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23
AUG
2006

Can going bust solve the debt crisis?

More and more people are getting caught up in our ballooning debt crisis. One person goes bust every minute of the working day and home repossession applications show the biggest increase since the housing crash of the early 1990s.

The recent rise in interest rates can hardly have helped, especially as it followed record fuel bills and council tax payments.

More than 26,000 people became insolvent between April and June, according to the Insolvency Service. The figure brings the total this year to nearly 50,000. The number of insolvencies is expected to top 100,000 by January.

The Council of Mortgage Lenders reports that repossessions in the first half of the year were up by 76% to 8,140 – and further increases are expected.

Banks are keen to play down the repossession figures, and it’s true the numbers are still relatively low. But they are an indication that ordinary families are beginning to struggle with debt.

Jump in insolvencies

The jump in the number of insolvencies is largely attributable to the rise in popularity of Individual Voluntary Arrangements (IVAs) – a sort of bankruptcy lite. The number of people entering into IVAs has rocketed by a record 153% to 11,105 in the second quarter of this year.

Cases of bankruptcy, on the other hand, dropped by 3.3% to 14,915 in the three months to June.

Mark Sands, director of insolvencies at KPMG, the consultancy, is not optimistic about the future. He says: “We are entering an era where personal insolvency is going to be an accepted part of everyday life. In the past few years there has been a complete change in people’s attitude to credit.”

We certainly seem happy to pile on the debt pounds. At the last count, we owe about £1,200 billion, or more than £1 trillion.

Banks must take their share of the blame for aggressive marketing and the supply of easy money. But we are also more comfortable than previous generations with the idea of borrowing rather than saving to fund our lifestyles. You want a new car? Sure, just take out a loan.

We also seem to be more relaxed about paying back our debts. The banks are bumping up their bad debt provision – and it’s no wonder when insolvency seems an easy option for many people. But is it? Or are companies pushing us to go bust for their own interests?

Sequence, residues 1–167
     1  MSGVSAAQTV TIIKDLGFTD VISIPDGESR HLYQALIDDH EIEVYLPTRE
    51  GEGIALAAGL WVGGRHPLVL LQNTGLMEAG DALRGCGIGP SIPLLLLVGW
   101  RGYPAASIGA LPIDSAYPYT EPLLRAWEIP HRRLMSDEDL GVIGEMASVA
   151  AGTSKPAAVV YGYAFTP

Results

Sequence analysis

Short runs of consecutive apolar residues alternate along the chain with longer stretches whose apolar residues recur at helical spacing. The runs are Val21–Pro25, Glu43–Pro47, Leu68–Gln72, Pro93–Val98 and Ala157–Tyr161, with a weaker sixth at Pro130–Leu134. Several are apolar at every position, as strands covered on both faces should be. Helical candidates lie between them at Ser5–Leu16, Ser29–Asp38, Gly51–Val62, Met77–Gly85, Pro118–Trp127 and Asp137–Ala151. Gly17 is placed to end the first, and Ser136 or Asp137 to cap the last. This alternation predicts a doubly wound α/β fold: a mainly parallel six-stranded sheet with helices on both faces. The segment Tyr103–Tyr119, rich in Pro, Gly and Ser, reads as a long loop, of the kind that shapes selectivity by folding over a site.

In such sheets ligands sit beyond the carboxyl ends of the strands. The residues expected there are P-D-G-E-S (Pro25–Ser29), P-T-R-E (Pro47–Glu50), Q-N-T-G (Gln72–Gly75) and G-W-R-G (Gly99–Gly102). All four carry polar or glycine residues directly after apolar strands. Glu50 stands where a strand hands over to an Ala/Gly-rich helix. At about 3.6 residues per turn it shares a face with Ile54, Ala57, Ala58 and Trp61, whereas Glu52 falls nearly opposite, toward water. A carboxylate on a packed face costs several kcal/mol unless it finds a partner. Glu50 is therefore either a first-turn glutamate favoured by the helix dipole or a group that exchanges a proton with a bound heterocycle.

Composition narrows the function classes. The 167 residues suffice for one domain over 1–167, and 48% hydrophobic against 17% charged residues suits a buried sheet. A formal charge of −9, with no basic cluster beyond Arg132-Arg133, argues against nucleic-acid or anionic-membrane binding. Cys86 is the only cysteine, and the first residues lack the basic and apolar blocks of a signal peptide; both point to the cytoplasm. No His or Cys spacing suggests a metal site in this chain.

How an IVA works

An IVA is a formal arrangement to pay off a portion of your debt over an agreed period – usually at least 25% over three to five years. You can only enter an IVA if you owe at least £15,000 to two or more lenders and the typical debt is £46,000. The interest on the debt is frozen and the debtor is declared debt-free at the end of the period.

An IVA must be set up by an authorised insolvency practitioner who will agree a schedule of payments with your creditors. The practitioner will also charge a fee. The fees vary widely but start at about £4,000. You might have to pay the fee upfront, although some firms will let you spread the cost over monthly instalments.

The number of IVAs could rise further still with plans to introduce the Simple IVA within the next 18 months. If you draw up an IVA, you must get agreement from the creditors who are owed at least 75% of the debt. A Simple IVA will mean you need agreement only from the lenders who are owed 50%.

Some experts fear that debt companies are pushing people into IVAs because they earn high fees. Paul Latham, finance director at Debt Free Direct, an insolvency advice group, says: “There are people in our industry who are not giving the best advice either for the debtor or the lender. Some advisers charge the debtor upfront to arrange an IVA, which is not refunded if no agreement is reached. That should be banned.”

You should beware companies that promise to cut your debts by 75% or so. Such promises can be misleading because the creditors are unlikely to agree to such a chunky reduction in the amount you owe.

It is also quite common for an insolvency practitioner to put together unrealistic proposals – perhaps suggesting that the debtor makes monthly payments that he or she cannot afford. So the IVA fails. The client is then back to square one, but the firm still pockets its fee.

Debt advice

Consumer groups are worried that debt companies are pushing IVAs as an easy way to clear your debts. The Consumer Credit Counselling Service, for example, recommends IVAs only in about 3% of cases. Most people are advised to draw up an informal debt management plan to pay off the debt over time.

Beccy Boden Wilks of National Debtline says: “People considering an IVA should seek impartial advice, often available free, so they understand the implications and are aware of the alternatives. They should also check their insolvency practitioner is regulated – and ask about the fees.”

An IVA does not carry the stigma of bankruptcy and is more flexible, because you do not have to hand over all your assets to a receiver. You can negotiate with your creditors so you might, for example, be able to save your home from repossession.

But you cannot walk away from your debts and it will certainly affect your credit rating. So you might find it difficult or expensive to get any kind of loan in the future.

When you are dealing with debt, there are no soft options.

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